Did you ever find yourself studying and studying and studying, and yet seeing no results?
It typically happens after a phase when you learn really quickly as a beginner. And before a phase in which you progress a lot again, towards mastery. That is to say, if you don’t give up during the frustrating ‘not making any progress’ phase.
Every person who has successfully learned a language has experienced, and overcome this painful situation. In language learning we call it “the intermediate plateau” or “intermediate block”. In other fields it is known as “the dip”, as popularized by Seth Godin’s book. Seth Godin says that “the dip” is the hardest part of learning anything, but also the only path towards fruitfulness.
So, next time you feel like quitting, remember this graph. It represents how your progress and your motivation fluctuate over time.
If you find yourself stuck in the situation represented in the middle of the graph, with stalled progress and motivation, remember the following tips.
Tips to fight "the dip":
1. Know that it’s ok, normal and inevitable to be in this situation.
Every successful learner has been in this situation, including myself. In fact, I have been there more numerous times, since it happens for each language or other skill you learn.
As I write this article, I’m learning web design. It’s frustrating and my wife tweets out some of my mistakes because she thinks they’re funny. Whenever you learn something, you’re going to hit plateaus and possibly make a fool of yourself, maybe even in public. It’s part of the deal.
The best thing that you can do is become comfortable with this situation. There is no learning process without it. You are not alone and you are definitely not failing.
2. Don’t quit. Stay in the room.
Sometimes, the only thing you can do is to stay in the room. It’s totally fine. After reading this article, you know that it’s normal to study for a long time and see few results, and that you will starting seeing the results eventually. Just keep going.
3. Focus on what you can do, not what you can’t do.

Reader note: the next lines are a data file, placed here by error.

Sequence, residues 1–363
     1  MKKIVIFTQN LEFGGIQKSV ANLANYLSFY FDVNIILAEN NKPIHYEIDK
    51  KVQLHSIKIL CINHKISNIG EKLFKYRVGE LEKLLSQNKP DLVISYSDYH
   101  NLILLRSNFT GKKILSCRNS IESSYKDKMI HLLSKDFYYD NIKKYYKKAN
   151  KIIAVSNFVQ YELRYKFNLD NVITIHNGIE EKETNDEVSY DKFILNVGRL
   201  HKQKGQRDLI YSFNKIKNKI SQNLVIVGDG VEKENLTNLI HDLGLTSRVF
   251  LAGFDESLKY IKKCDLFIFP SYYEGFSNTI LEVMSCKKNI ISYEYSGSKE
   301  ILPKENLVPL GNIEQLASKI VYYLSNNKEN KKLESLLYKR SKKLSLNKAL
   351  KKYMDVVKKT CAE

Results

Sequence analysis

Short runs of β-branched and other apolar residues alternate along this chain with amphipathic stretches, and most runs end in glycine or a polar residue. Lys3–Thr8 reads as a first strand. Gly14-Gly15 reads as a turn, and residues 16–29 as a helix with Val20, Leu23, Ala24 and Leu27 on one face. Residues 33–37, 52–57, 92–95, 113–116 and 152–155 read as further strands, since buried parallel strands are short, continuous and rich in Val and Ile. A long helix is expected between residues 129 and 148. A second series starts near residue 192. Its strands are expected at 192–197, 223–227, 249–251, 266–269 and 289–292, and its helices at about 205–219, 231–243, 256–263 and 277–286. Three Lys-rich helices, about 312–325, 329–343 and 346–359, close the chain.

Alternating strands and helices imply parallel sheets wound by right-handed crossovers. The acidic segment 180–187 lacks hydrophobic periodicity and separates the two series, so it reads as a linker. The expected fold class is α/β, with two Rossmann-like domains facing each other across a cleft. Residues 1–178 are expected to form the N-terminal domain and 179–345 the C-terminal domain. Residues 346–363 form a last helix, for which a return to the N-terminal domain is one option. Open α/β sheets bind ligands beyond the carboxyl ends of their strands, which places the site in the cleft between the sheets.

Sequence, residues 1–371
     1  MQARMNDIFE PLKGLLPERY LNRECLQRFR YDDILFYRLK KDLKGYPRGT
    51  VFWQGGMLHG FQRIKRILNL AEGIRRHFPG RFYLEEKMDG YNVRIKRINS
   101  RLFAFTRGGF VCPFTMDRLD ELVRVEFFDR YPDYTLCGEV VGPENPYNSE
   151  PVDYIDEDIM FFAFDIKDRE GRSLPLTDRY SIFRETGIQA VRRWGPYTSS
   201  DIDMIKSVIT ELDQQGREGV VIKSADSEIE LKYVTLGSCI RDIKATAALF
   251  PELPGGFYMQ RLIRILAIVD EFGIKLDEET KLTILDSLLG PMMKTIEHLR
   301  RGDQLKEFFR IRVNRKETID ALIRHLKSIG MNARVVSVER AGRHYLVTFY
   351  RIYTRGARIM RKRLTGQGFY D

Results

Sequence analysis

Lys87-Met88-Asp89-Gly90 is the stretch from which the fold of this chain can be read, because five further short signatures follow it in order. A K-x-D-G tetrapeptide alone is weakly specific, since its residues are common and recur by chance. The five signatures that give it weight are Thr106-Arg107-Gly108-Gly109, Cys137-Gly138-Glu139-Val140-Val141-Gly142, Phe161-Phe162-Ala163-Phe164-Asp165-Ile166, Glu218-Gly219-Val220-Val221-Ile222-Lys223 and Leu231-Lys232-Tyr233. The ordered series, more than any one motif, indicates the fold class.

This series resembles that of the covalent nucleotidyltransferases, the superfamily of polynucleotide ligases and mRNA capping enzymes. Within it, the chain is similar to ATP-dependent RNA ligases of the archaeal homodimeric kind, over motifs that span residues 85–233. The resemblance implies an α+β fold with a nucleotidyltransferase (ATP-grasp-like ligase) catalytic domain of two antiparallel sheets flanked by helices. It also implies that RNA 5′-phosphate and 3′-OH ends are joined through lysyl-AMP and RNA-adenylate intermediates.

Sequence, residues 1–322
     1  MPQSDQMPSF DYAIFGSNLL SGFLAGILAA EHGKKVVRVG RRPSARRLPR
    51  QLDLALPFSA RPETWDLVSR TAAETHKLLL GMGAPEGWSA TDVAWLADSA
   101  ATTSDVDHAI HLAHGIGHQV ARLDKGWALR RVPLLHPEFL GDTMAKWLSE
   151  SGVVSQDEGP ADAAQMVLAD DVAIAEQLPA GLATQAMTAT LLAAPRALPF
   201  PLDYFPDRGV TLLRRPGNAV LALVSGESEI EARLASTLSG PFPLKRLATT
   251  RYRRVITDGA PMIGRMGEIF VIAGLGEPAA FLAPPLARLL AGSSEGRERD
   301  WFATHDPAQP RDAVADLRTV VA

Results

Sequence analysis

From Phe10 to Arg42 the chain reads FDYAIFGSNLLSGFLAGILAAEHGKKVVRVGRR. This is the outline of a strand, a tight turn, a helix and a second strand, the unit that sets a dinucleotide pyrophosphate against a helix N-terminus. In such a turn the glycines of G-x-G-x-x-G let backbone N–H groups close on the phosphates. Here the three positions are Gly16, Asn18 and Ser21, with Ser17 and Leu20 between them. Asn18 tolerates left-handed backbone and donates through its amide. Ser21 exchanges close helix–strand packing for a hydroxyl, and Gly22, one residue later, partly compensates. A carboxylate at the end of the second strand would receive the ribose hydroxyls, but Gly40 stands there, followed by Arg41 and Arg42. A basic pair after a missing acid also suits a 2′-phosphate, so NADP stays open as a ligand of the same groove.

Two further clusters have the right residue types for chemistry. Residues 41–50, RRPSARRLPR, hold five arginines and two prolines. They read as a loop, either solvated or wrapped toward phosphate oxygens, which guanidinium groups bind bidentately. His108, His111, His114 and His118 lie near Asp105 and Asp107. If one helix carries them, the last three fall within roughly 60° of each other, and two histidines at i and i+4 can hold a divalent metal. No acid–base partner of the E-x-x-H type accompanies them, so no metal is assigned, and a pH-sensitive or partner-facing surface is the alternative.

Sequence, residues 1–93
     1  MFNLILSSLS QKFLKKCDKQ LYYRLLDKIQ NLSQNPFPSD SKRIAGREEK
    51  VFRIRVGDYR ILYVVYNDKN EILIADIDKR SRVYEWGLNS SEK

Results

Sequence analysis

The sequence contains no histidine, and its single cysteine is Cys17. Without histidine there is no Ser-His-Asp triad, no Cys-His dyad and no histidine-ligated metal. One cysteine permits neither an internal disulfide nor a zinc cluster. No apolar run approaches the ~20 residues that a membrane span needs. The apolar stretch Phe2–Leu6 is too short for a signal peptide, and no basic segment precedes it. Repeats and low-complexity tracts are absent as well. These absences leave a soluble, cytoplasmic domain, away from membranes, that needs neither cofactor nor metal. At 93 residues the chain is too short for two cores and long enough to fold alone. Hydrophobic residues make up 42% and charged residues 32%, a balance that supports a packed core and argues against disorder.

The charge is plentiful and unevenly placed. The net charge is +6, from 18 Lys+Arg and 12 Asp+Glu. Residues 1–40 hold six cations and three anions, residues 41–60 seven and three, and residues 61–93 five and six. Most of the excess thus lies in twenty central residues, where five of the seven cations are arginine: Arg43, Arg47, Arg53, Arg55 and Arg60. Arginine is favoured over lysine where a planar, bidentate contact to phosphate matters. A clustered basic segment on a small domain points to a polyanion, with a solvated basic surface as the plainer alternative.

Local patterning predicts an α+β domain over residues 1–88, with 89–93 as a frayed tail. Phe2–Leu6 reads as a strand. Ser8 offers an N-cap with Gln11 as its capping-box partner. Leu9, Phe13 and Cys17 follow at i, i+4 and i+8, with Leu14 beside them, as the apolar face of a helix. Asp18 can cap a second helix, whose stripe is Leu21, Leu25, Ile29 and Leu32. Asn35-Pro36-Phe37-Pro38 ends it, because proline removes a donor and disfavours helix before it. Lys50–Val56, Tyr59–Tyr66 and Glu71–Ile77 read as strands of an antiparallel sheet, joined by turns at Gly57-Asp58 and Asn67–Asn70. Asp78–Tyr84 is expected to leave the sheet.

When you are trying to achieve something (such as learning French), you typically focus on the goal, and on the gap between where you are (let’s say you suck at French) and where you want to be (speaking French well). This can be pretty demotivating.
It is actually one of the reasons for the dip: you actually make progress, but you don’t see it because you are so focussed on everything you have to learn, that you can’t even see all the things you have learned already. Of course keeping your eyes on the prize is important. But once in awhile, don’t forget to look back at all you have accomplished already.
I find this extremely rewarding and motivating. For this reason I have built this process into the design of the Fluency Worksheet. As you go back to it to update it with your progress, you get to look back at all you have accomplished. You will see that actually, you have learned a lot. And you deserve at least a pat on the back - or any reward you’d like to have.
If you haven’t grabbed the fluency worksheet yet, do your future self a favour and grab it now. You will be happy to have it and be able to look back at your progress.
So, to summarize:
- Remember why you started
- Have a master plan to know what to do next
- Stay in the room and keep your study around
- Get real about your results: you’ve achieved more than you think.
- Celebrate every bit of progress.
What do you do to keep yourself motivated? Please share it in the comments.
If you liked this article, please check out: